German rail fares go down as part of climate measures
Some long-distance rail fares in Germany have been cut as part of measures to tackle climate change. The German government has cut the rate of value-added tax (VAT) on rail travel from 19% to 7%, and with the national rail operator Deutsche Bahn (DB) passing on this reduction to passengers, it means some fares of 50km or over have come down by around 10%.
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For several years, VAT on short-distance rail journeys (under 50km) in Germany has been set at 7%, but following a reordering of certain taxes, VAT on long-distance has now been put at the same level. DB says it expects an extra five million passengers a year will use the train thanks to the lower fares.
Meanwhile, as long-distance rail does well, air passenger numbers appear to be falling. The German airports federation ADV says passengers using commercial flights fell by 12% in November, the fourth month in a row with such a decrease. And the latest figures from Denmark show a stagnation in the number of passengers using Danish airports after 10 years of uninterrupted growth. Some have speculated that ‘flight shame’, a concept that has emerged from Sweden to highlight the environmental impact of flying, has started to have an impact on passenger numbers.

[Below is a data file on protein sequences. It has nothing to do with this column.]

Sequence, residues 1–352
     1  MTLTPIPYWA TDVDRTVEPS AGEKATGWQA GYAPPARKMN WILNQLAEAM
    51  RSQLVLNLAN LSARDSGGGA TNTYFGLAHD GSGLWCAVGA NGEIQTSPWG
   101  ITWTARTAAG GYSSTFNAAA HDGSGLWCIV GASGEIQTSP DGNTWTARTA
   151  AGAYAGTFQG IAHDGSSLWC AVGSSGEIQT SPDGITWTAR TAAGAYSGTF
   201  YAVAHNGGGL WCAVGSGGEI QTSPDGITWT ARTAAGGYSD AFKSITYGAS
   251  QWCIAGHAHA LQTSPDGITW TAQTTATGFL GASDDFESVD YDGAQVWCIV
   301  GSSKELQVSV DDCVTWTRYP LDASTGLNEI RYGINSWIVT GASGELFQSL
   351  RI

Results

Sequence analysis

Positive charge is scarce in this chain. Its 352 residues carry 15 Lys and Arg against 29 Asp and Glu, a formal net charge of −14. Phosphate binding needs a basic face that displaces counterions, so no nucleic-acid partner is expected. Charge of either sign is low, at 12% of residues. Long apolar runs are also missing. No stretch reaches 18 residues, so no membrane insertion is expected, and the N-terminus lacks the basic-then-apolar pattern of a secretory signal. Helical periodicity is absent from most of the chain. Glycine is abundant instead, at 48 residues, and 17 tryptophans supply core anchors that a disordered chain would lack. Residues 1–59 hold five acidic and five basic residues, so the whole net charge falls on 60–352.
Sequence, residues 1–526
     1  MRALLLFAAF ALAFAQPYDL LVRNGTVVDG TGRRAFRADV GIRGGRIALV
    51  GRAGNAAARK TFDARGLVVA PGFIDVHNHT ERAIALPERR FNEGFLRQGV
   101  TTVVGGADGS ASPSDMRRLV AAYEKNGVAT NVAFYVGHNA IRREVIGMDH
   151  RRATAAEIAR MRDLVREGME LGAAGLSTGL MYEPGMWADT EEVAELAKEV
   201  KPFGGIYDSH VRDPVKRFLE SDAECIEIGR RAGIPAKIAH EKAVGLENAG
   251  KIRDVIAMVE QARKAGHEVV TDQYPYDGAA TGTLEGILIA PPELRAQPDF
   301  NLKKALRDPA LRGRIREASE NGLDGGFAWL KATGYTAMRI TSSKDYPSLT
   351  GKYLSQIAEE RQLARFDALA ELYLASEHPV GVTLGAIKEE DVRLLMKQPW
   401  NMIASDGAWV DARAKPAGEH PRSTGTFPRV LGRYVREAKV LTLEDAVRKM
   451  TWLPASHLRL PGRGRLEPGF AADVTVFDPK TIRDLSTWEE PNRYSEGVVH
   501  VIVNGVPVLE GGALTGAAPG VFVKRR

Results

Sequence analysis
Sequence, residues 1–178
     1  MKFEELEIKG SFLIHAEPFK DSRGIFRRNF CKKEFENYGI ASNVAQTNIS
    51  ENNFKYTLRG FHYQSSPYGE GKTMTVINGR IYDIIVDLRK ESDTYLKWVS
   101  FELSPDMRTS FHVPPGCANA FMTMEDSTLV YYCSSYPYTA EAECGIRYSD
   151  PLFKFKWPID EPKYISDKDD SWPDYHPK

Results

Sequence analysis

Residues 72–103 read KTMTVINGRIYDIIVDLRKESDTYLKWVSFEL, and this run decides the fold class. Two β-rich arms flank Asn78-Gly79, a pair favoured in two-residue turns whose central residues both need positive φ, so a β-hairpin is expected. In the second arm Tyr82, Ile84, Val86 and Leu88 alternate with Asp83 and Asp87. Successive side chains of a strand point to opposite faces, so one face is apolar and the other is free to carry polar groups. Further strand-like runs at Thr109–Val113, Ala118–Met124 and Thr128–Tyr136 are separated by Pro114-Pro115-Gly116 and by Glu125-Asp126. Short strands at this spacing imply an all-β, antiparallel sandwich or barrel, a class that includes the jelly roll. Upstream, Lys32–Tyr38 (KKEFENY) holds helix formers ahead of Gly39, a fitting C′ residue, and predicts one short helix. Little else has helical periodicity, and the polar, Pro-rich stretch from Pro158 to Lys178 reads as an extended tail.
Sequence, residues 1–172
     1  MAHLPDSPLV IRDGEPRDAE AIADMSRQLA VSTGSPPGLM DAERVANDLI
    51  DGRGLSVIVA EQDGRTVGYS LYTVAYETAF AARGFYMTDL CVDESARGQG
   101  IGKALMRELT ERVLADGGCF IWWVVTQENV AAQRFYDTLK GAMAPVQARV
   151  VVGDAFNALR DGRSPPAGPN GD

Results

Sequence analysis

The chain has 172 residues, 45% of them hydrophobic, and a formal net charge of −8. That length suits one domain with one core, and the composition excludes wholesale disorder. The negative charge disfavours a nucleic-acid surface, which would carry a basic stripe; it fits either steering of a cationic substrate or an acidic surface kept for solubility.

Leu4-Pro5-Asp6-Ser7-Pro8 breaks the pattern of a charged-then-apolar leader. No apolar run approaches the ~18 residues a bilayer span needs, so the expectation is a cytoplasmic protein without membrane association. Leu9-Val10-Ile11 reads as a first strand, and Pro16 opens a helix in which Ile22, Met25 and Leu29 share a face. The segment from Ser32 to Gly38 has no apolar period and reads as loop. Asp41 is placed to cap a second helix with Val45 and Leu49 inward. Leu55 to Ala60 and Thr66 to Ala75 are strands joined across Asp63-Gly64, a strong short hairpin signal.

DB has also reduced charges for other services intended to make train travel more attractive, including fees for taking bicycles on trains, seat reservations, and the annual BahnCard100 discount railcard. It also comes at the same time that the German government has announced an €86 billion investment in the network, the largest in its history.
A recent survey showed most European, Chinese and US citizens plan to fly less for leisure this year to bring down aviation CO2 emissions and help avoid catastrophic climate change. The European Investment Bank (EIB) asked 30,000 respondents globally, and 36% of Europeans said they already flew less for holidays to help prevent climate change and 75% planned to do so in 2020. In China 94% of respondents said they are planning less air travel for holidays this year, while in the US the figure is 69%.